Not everyone loved the old Hatch Cover Restaurant, but it held a warm place in Femme de Joie’s heart from many get-togethers with family and friends over the years. She loved the retro-70s vibe with the piped-in Pablo Cruise-y music, the cozy sofa nook in the lounge, that weird painting of the man in black heading down the stairs in the lighthouse, the cute waiters in Hawaiian shirts, even the cherry-scented liquid soap in the ladies’ room. The food wasn’t haute cuisine, to be sure, but it was competently prepared and great value for money. (There was a Chico branch of the Hatch Cover too, set so far back from the Esplanade that it was barely noticeable under the trees.) It just about broke M. de Joie’s heart ten years ago when she drove past the old Hatch Cover and saw all that lovely wood from the interior broken and tossed into dumpsters like worn-out holey socks. After a series of unfortunate and untoward events, the late Rivers opened and closed two years later; in 2012, Redding restaurant empresario Joe Wong opened View 202 on that spot.
Clearie’s, Moonstone Bistro, Nello’s Place, Cafe Paradisio, Market Street Steakhouse, Peter Chu’s, Gironda’s, and View 202, among others, all compete for the diner looking for that special occasion restaurant. What is that special something, that je ne sais quoi, that makes the consumer choose one place over another? Is it the buzz, the bartender who knows your special drink, the dark corner where a discreet affair can be carried out, the salad dressing? With the demographics and population of Redding, a place like View 202 needs to set itself apart from the others, to court consumers seeking white-tablecloth occasion dining. But are they getting their money’s worth?
Femme de Joie enjoys a well-appointed restaurant interior as well as a kitschy one, but she can’t figure out what’s going on at View 202. It was as if three or four decorators were each given a section to work on – a white wall splashed with big blowsy flowers befitting a ladies’ tearoom; the patio’s mishmash of black wicker chairs, white plastic chairs, and red and purple sofas; an ultra-modern exterior; plain faux-granite tabletops, concrete floors, and Ikea-inspired hanging lights. It appears to have been inspired by Carnival Cruise Line ships, not to dis Carnival.
Ahi avocado burger and cup of Pismo Beach clam chowder, $15.00
When Femme de Joie orders a burger, she expects to get, you know, a burger. She would not have described this as a burger. Four thin slices of ahi – a meaty-textured fish – were seared rare and placed on a rather good brioche bun along with an extremely small fan of thin avocado slices. The wasabi-lime slaw was overwhelmingly bitter; a couple of black soy beans does not an aioli make. Other than the bitter slaw and the buttery brioche, this was one bland sandwich.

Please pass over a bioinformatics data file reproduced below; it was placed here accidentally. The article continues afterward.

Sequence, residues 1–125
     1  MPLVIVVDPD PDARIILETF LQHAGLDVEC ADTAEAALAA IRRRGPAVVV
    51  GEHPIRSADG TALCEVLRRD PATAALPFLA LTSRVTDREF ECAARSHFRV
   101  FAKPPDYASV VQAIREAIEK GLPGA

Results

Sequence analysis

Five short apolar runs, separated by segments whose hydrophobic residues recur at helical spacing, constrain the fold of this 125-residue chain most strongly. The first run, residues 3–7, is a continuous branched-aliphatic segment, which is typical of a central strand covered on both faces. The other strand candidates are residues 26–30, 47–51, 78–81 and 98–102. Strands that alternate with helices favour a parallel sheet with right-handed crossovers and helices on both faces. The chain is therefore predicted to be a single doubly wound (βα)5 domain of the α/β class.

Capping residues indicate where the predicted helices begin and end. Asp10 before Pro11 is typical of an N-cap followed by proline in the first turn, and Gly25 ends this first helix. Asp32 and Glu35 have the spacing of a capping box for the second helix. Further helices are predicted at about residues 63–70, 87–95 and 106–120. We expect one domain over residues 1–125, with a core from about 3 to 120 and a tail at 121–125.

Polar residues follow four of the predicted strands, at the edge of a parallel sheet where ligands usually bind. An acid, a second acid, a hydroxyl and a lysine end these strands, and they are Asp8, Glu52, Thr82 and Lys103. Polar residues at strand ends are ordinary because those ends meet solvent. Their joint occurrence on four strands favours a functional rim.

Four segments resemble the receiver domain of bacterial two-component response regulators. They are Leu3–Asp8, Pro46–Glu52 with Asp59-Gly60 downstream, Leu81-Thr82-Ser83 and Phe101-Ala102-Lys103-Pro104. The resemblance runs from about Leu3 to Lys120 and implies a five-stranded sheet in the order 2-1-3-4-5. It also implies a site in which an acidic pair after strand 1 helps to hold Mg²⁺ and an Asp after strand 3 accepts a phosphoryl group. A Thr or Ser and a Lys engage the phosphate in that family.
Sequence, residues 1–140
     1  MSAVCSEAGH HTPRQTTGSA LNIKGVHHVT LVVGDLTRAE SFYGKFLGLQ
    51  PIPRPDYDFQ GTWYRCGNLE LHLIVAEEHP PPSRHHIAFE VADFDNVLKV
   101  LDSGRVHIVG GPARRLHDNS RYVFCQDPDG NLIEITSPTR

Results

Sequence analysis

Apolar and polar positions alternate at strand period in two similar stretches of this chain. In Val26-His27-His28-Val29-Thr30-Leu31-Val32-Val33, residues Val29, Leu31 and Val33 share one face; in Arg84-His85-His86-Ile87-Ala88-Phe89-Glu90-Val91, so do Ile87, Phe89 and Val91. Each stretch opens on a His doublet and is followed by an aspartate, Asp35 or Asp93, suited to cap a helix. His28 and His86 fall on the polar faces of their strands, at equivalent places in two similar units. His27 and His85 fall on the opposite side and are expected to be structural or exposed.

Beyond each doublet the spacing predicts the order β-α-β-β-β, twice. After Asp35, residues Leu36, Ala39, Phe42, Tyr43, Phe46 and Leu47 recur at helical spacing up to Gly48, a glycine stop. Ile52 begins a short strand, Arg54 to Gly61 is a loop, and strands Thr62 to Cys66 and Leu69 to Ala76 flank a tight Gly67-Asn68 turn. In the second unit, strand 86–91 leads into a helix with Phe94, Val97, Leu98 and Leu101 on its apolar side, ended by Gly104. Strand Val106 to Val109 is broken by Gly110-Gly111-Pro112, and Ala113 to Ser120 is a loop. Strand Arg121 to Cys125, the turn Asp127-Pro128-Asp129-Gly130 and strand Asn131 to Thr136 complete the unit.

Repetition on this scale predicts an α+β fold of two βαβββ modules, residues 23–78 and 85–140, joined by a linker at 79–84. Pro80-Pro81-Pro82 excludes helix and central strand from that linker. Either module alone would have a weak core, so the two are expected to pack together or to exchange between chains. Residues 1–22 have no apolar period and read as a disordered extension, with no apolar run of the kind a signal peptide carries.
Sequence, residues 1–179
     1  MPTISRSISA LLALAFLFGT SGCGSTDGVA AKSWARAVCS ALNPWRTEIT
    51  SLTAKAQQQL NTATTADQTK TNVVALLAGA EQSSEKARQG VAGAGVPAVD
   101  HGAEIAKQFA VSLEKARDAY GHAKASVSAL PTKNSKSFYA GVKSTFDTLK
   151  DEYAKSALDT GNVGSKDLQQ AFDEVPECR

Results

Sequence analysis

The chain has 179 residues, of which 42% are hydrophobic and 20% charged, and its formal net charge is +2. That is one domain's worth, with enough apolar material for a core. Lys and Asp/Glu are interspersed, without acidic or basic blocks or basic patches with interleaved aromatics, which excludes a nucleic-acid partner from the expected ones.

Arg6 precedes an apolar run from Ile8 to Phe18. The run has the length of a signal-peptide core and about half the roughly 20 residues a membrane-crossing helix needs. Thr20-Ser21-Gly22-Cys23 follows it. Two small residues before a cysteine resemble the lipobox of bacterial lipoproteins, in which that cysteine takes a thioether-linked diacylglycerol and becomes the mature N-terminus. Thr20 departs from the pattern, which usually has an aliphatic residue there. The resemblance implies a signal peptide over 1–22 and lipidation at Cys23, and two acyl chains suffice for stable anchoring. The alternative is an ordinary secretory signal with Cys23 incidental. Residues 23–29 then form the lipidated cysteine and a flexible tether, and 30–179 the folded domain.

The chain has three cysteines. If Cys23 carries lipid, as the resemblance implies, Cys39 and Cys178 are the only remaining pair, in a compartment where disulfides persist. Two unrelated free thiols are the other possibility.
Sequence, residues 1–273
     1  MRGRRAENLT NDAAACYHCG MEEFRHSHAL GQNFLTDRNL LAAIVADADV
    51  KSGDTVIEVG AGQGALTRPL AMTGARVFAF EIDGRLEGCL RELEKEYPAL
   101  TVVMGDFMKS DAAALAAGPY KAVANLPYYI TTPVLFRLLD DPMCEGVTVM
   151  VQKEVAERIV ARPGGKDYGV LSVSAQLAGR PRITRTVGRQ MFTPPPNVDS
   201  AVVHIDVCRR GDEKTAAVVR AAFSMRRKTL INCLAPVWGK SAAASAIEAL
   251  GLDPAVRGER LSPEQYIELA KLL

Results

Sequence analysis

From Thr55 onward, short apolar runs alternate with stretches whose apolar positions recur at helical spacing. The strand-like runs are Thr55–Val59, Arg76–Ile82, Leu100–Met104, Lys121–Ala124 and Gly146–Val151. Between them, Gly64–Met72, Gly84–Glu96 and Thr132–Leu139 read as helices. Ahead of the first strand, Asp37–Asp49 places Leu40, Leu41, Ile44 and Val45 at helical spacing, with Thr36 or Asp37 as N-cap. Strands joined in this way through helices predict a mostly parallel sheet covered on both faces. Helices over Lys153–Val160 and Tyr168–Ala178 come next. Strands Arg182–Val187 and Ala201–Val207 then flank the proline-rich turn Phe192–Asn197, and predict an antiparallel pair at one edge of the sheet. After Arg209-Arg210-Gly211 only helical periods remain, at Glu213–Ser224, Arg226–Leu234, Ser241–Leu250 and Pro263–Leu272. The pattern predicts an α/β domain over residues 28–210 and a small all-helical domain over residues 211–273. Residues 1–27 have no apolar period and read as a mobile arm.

Femme de Joie doesn’t know what distinguishes Pismo Beach clam chowder from any other creamy clam chowder, though perhaps it was the lump of melted cheese she found glommed onto the bottom of the soup cup. The soup was on the thin side but the cheese was on the thick side, so it balanced out.
Cherry Tart, $5.00
On a visit for dinner, M. de Joie asked if she could sit and have a drink before dinner. The hostess offered her “the couch.” Where couch? Outside, inside? It turned out to be on the patio, as there were Happy Hour specials “on the couch,” though it wasn’t clear if those specials could be had not on the couch. The hostess seemed determined that the couch should be occupied.
Once M. de Joie had her Cherry Tart, described as a whiskey sour with fresh cherries (the Maraschino cherry didn’t qualify as fresh and there weren’t any other cherries in the glass), she became invisible for an hour. Other than one waitress asking if she would like to order a bar snack, M. de Joie was completely ignored. While Femme de Joie is of that age where she is passed over in favor of younger and hotter women, it seemed a bit remarkable how completely she was forgotten. Eventually she had to get up and go find the hostess to ask to be seated for dinner, who began preparing a place for her on the by-then chilly patio- which M. de Joie demurred in favor of a table indoors.
Warm bread came with herb olive oil made with celery, basil, parsley, and capers as described by the female waitstaff who filled water glasses- she said she made it. The oil was delicious, the bread average.
Maseca calamari, $13
Spicy Fresno chilies and the medium-hot sauce were the best things about this appetizer. While the breading was evenly cooked, the calamari strips were floppy, not crisp, and on the oily side.